The Greek Debt Crisis & the Chinese Stock Market Sell-Off

Summer 2015

Events in Greece and China have been the overwhelming focus of investors worldwide in recent weeks. You may be wondering how the Greek crisis and suspension of trading in China will affect your portfolio and long-term investment objectives. Below is some background and insight about each country.


The Greek Debt Crisis

Greece faces a number of challenges on an economic and political front. The Greek government closed Greek banks for three weeks and has introduced capital controls. Greece is a very small country by market capitalization and, therefore, generally makes up a relatively insignificant portion of holdings in our emerging market allocation. The weighting of Greece accounted for 0.37% of our emerging market portfolio, as of May 31, 2015.

Capital Controls and Market Closures

The introduction of capital controls and market closures in Greece is not unprecedented. Iceland and Cyprus have implemented capital controls, with Cyprus recently lifting controls and Iceland announcing plans to lift restrictions. Egypt closed its stock exchange in 2011 as a result of heightened political risk.

Possible Exit from the Eurozone

Mutual fund Dimensional Fund Advisors have had their Investment Committee and the Portfolio Management and Trading teams monitoring the situation in Greece for a significant period of time. They are in consultation with relevant industry sources, including custodians, brokers, and middle office providers, regarding trading conditions in Greece and their contingency plans, should any change in currency occur. The fund’s portfolio management and trading systems are designed to be adaptable. We are extremely confident those systems can accommodate any change in currency should one be announced.

Dimensional’s investment approach allows the investment team flexibility to assess the current environment to evaluate any operational concerns for the funds or accounts. Index providers such as MSCI, FTSE, and Russell have stated that they, too, are monitoring the events in Greece, but to date, have not announced any specific changes to indices.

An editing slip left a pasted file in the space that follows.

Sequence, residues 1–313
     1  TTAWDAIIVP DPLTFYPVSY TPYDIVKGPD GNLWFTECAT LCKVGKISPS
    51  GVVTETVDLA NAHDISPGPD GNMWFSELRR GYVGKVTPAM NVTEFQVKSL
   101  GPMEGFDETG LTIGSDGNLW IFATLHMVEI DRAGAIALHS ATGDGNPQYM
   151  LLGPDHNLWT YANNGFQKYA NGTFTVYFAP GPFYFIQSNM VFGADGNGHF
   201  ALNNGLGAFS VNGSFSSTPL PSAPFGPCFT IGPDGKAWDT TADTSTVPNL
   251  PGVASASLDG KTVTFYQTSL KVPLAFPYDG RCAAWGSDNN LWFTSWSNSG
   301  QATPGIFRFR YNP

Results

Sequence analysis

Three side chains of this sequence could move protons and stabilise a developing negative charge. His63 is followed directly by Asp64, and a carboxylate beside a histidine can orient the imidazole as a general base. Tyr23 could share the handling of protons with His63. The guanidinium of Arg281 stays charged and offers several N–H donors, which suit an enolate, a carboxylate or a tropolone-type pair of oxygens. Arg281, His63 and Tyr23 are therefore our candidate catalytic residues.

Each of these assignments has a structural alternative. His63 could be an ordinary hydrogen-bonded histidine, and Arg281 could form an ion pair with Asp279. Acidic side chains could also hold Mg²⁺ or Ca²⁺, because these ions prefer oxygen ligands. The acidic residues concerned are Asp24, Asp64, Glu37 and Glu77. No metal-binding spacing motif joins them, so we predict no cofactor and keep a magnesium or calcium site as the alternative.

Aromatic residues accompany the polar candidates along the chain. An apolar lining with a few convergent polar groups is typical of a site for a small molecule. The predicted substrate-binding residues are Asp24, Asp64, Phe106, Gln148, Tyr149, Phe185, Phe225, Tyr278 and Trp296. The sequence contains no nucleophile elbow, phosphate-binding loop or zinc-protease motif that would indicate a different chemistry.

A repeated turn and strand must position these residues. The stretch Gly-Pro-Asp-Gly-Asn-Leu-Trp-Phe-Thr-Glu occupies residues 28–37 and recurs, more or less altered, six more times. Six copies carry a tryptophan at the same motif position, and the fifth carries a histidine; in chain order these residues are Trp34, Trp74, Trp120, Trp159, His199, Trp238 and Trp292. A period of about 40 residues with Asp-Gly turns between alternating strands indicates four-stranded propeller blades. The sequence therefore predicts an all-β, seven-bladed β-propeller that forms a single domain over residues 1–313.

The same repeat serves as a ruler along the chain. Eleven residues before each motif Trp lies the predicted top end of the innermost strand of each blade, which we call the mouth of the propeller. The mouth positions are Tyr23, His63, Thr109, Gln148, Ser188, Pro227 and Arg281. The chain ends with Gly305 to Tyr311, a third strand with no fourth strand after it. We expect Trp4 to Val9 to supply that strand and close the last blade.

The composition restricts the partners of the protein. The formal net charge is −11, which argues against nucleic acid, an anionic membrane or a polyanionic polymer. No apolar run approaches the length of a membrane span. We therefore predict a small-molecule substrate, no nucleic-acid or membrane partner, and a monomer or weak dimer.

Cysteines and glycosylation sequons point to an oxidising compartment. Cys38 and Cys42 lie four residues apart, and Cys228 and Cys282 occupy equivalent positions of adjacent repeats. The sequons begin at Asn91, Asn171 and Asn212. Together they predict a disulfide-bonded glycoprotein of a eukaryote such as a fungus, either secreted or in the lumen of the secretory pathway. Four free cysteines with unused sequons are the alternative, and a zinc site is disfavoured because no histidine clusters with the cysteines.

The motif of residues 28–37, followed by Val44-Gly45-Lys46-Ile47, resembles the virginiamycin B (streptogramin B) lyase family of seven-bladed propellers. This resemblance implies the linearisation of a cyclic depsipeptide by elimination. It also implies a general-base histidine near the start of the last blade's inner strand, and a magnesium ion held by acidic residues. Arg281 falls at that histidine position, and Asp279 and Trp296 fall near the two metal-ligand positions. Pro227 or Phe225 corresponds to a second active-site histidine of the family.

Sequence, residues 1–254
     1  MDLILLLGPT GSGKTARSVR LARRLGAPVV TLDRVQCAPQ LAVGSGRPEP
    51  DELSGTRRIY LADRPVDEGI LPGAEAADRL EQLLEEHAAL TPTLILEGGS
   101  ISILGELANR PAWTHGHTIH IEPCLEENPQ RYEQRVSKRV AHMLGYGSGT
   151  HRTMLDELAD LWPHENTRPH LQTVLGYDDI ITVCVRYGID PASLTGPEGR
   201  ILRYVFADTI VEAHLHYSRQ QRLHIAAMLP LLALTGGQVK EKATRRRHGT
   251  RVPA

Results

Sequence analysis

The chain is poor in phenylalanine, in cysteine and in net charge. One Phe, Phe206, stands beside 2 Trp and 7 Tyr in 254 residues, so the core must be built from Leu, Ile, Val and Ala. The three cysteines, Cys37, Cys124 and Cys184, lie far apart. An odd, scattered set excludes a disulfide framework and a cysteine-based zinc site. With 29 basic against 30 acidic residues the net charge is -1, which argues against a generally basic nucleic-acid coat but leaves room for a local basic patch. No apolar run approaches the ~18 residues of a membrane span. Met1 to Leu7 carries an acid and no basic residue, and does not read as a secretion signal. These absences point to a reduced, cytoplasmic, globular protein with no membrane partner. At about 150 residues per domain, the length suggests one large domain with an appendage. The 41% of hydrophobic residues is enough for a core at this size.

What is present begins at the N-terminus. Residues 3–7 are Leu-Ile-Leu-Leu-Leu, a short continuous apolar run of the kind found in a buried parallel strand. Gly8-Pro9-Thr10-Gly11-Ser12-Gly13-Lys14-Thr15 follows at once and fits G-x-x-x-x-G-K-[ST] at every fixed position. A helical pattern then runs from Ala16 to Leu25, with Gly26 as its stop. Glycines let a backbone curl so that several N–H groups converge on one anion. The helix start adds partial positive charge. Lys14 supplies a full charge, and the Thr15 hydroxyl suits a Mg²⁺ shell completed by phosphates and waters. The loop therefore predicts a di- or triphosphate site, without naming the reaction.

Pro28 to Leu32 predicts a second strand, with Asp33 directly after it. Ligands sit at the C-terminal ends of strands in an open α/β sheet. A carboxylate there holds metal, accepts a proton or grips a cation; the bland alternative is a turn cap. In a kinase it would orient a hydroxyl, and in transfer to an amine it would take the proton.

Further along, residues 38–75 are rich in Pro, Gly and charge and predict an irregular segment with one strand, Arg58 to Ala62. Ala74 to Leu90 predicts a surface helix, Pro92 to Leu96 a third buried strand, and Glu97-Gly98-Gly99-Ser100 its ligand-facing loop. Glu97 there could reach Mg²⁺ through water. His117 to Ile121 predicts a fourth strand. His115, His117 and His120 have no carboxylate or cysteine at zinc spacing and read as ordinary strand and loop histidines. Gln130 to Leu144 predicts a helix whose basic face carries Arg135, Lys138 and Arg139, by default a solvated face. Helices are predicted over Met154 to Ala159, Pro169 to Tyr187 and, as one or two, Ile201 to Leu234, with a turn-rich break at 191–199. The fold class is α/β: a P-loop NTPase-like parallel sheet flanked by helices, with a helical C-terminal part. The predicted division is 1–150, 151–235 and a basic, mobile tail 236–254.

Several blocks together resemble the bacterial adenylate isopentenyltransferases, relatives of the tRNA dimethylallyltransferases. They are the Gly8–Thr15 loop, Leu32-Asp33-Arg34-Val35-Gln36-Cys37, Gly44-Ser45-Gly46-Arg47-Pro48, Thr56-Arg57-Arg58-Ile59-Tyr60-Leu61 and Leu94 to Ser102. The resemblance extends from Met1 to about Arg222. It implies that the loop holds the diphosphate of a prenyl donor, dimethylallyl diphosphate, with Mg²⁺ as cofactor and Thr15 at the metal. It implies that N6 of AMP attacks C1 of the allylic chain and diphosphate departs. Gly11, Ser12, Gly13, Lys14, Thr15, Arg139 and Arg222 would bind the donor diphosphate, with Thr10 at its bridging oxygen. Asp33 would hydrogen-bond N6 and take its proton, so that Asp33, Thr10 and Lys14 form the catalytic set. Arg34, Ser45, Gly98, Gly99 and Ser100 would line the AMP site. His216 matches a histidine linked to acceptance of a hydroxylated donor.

The PIMCO Total Return fund has a 0.2% exposure to Greek debt. Many of our clients who hold bonds do so in their taxable portfolio and thus hold muni bonds, which have no exposure to Greece.


The Chinese Stock Market Sell-Off

Our allocation to emerging market countries includes investment in Chinese companies via shares that trade on exchanges outside of China, primarily in Hong Kong. Eligible securities include H-shares and red chip stocks that are traded in Hong Kong, American depository receipts (ADRs) that trade in the U.S., and global depository receipts (GDRs) trading on approved exchanges in other approved markets. Recent trading suspensions of stocks in Chinese companies and corresponding government interventions have generally been for Chinese A-shares that trade in mainland China on the Shanghai and Shenzhen exchanges.

In China, companies can request that their shares be suspended from trading for one of three reasons: restructuring, new share placement, or any other material new information. In the recent market downturn, companies have been using the third, more subjective, criterion to request suspension of their shares. As of July 9, 2015, approximately 1,300 companies (close to 50% of all stocks on those exchanges) were suspended from trading across the Shanghai and Shenzhen exchanges. By comparison, suspensions of Chinese companies trading in Hong Kong are fewer, and many appear to be longer standing and for reasons of restructuring or new share placement. We are currently evaluating the impact of recent suspensions on our portfolios. At this time, it appears that the impact is minor, given our approach to investing in China outside of the local Chinese exchanges.